The operation of the apparatus is considered first with reference to FIG. 2 which shows the general form (in that plane perpendicular to the Z axis which contains the axis of the coil 12) of the r.f. magnetic field which is generated when the coil 12 receives an excitation pulse. The coil 12 serves to provide a field which causes nutation of the spins of magnetic nuclei in the sample, as does the r.f. coil of a conventional NMR spectrometer used for making measurements on a homogeneous sample. In the latter context, however, the coil would normally be designed so that the sample is exposed to a uniform r.f. field. In the present case it is required deliberately to produce a field gradient through the sample. In FIG. 2, the flux pattern is indicated by lines 30, and the field profiles (i.e. lines of constant intensity) are indicated by the lines 32, 34 and 36. Although the field is rotationally symmetric with respect to the axis of the coil 12, it should be noted that the parameter of interest is the value of that component (B1) of the field which is directed perpendicular to the Z axis, and this does not exhibit the same rotational symmetry since for all points outside the plane of FIG. 2 there is a non-zero component of the field directed parallel to the Z axis. Thus the surfaces of constant B1 (whose traces in the plane of FIG. 2 correspond to lines such as 32 to 36) are of somewhat distorted spherical shape. The location of the sample is indicated by the lines 38 and 40 in FIG. 2, and it will be appreciated that this is chosen so that the region of interest coincides approximately with a particular surface of constant B1 ; in the subsequent description it will be assumed that this is the surface corresponding to the line 34. In practical terms, it is appropriate to consider the operation in relation to layers of finite thickness corresponding to the surfaces of constant B1 ; two such layers are indicated at 42 and 44 in FIG. 2.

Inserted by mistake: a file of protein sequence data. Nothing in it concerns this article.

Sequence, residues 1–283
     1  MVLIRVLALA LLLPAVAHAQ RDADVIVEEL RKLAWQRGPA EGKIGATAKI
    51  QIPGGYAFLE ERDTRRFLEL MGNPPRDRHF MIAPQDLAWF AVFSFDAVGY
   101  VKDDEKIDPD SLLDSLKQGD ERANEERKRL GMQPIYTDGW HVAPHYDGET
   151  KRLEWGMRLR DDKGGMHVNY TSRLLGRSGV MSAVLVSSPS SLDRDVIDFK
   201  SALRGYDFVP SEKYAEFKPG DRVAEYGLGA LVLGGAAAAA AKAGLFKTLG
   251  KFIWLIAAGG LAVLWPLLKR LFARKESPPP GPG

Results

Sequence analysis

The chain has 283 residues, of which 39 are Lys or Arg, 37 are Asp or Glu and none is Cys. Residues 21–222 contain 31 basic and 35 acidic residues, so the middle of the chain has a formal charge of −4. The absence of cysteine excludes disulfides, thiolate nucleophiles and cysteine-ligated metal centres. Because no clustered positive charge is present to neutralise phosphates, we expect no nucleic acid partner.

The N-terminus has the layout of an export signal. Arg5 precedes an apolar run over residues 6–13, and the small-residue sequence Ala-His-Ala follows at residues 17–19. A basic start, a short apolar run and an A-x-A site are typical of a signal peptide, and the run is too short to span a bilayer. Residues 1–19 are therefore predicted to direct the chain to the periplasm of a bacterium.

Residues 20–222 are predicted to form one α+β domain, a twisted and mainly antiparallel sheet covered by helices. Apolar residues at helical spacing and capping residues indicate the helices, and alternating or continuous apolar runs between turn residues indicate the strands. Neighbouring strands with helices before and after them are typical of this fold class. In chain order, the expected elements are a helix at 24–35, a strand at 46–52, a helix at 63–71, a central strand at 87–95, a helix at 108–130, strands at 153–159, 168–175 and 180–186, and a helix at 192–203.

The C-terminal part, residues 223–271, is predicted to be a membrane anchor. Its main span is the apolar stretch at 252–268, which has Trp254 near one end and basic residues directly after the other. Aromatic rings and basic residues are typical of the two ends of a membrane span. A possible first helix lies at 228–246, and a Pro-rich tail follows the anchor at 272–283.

Before considering the experimental procedure, the theoretical basis from which the procedure is developed will be reviewed briefly. The field Bo may be termed an alignment field because in the equilibrium state the nuclear spins precess about the direction of the field at the Larmor frequency and produce a net magnetisation in that direction. Precession occurs in random phase so that the componets of transverse magnetisation (perpendicular to the Z axis) sum to zero. As is conventional, the effect of applying a r.f. pulse having a component B1 of magnetic field perpendicular to Bo can most conveniently be considered in terms of a reference frame rotating about the Z axis at the radio frequency, so that B1 can be represented by a vector oriented in a given direction in the XY plane, this direction being dependent on the r.f. phase and conveniently being taken as the X axis for zero relative phase. In this rotating frame the nuclear magnetisation precesses about the direction of B1 with an angular frequency equal to γB1. The spins are ordered in phase under the influence of the r.f. field so that as precession proceeds through an angle θ during the pulse a net component of transverse magnetisation is developed which varies with the sine of θ; the transverse component thus has a maximum value when θ is 90° and is zero when θ is 180°. A particular pulse is (as usual) denoted by the relevant value of θ (equal to γB1 tp radians, where tp is the duration of the pulse); for example a 90° pulse is one for which tp =π/2γB1.
The free induction decay signal which arises following excitation with a r.f. pulse will of course be of maximum strength for a 90° pulse, but in practice it will often be appropriate to use a smaller value of θ (possibly as low as 30°). It is also relevant to note that the range of frequencies over which effective excitation occurs for a pulse of duration tp has a width of the order of 1/tp, and tp must of course be made sufficiently small to ensure that this covers the full range of chemically shifted resonance frequencies in respect of the nucleus of interest for which spectral data are required.